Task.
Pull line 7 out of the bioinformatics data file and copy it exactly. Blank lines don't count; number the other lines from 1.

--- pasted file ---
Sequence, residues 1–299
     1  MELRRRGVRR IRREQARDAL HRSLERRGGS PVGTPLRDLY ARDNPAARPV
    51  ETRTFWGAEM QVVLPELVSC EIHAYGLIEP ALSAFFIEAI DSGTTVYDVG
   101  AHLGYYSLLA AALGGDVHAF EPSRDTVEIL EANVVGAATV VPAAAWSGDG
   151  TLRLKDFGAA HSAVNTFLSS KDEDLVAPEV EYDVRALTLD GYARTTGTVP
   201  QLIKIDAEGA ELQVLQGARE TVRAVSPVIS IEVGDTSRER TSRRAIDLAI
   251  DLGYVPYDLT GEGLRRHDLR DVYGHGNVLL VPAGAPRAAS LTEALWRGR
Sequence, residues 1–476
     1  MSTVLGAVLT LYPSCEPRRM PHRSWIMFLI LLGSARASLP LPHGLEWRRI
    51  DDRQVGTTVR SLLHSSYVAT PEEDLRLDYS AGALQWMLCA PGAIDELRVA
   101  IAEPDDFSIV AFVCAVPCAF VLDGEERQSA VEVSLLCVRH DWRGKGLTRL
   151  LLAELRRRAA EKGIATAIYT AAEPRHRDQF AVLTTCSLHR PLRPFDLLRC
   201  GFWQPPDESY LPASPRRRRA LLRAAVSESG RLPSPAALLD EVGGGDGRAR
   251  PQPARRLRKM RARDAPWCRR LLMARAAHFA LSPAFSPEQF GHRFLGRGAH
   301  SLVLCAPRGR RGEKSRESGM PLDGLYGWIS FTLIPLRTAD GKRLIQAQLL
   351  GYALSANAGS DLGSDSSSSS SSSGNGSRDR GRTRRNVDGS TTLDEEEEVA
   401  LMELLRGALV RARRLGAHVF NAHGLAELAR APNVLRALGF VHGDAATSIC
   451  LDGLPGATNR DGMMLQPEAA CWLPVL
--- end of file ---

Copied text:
   251  DLGYVPYDLT GEGLRRHDLR DVYGHGNVLL VPAGAPRAAS LTEALWRGR